Donegal rearguard proves the difference

Defensive unit shows range and accuracy to finish match with solid 1-3 from play

Donegal 1-11 Derry 0-11 They haven't gone away, you know.

Donegal shook off the final vestiges of last summer's weariness and muted a loudening chorus that their day was done with an ominously controlled eviction of Derry in front of a stunned local crowd.

The immediate story of the game was the seven minute period of physical power and football magic invoked by Michael Murphy but of larger significance was the sight of Donegal's rearguard engine firing again with something of the old menace. The bare statistics of the match make for fascinating reading: Donegal's shimmering full forward line scored just 0-2 from play and their half-forward unit did not register a point. But the starting half-back line finished the day with 1-3 from play, albeit 1-1 of that coming when Leo McLoone was switched to centre half forward.

Derry showed no repercussions of the heavy league final defeat against Dublin and landed some wonderful scores in the first half, with Niall Holly and Emmet Bradley lighting up what was a grey afternoon in the city with fabulous points from play. But the beauty of those scores also revealed their main problem over the afternoon. Nothing came easy. All six first half wides were kicked under ferocious pressure. Mark Lynch, who wove spells all through the spring campaign, was not given room to breathe by Karl Lacey and slowly but surely, the Donegal defence began to overwhelm the home team. Derry came up against the team who held Ulster football in an iron grip for two seasons and came up short.


From the outset, ideas and switches sparked from both managerial squads. Traditional positions meant nothing here, apart from the respective goalkeepers. Donegal were forced to withdraw both starting midfielders minutes before throw in. Big Neil Gallagher had failed to shake off the effects of a twisted ankle and because of that, Donegal elected to hold Martin McElhinney in reserve. With Rory Kavanagh unavailable because of a red card suspension from the league final, it was a daring strategy by Jim McGuinness.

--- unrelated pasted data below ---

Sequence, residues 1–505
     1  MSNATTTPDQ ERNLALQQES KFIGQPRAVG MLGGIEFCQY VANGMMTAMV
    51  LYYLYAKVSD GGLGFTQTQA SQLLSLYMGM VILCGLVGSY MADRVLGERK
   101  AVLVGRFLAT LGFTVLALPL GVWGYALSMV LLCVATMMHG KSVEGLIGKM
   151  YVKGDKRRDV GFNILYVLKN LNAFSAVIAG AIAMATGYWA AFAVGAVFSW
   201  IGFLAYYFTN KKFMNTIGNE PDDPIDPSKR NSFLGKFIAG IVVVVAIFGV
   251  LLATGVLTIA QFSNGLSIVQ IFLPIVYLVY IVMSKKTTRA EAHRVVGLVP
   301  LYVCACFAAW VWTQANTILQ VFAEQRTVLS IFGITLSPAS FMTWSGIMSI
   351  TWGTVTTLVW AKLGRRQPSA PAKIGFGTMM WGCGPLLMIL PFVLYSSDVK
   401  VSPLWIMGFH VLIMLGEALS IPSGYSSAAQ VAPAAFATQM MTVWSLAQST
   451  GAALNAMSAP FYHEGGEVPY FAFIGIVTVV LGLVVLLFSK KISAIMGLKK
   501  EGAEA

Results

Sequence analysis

And it worked, perfectly. The classy Christy Toye put in a huge shift for half an hour and was then retired at half time. Michael Murphy covered and grafted during that period and converted a late free to leave his team trailing by 0-4 to 0-6 at half time. Donegal came out reconfigured: Murphy on the edge of the square, Leo McLoone at centre half forward and McElhinney at midfield. In seven minutes, they fired 1-3 which silenced not just the locals in the crowd of 15,883 in Celtic Park but, it seemed, all of Derry city. Anthony Thompson, who marginally eclipsed Karl Lacey as the most influential player on the field, started the spree, ghosting into a clever position and chipping a score. A minute later, Ryan McHugh grabbed possession from the kick out and Murphy combined with the free-running Frank McGlynn who played Leo McLoone. The Glenties man lobbed his goal coolly. Murphy added two glorious points and suddenly. Donegal looked uncontainable. McBrearty, then, came racing through to fire his only score from play; over the course of the match, he might have added 2-2.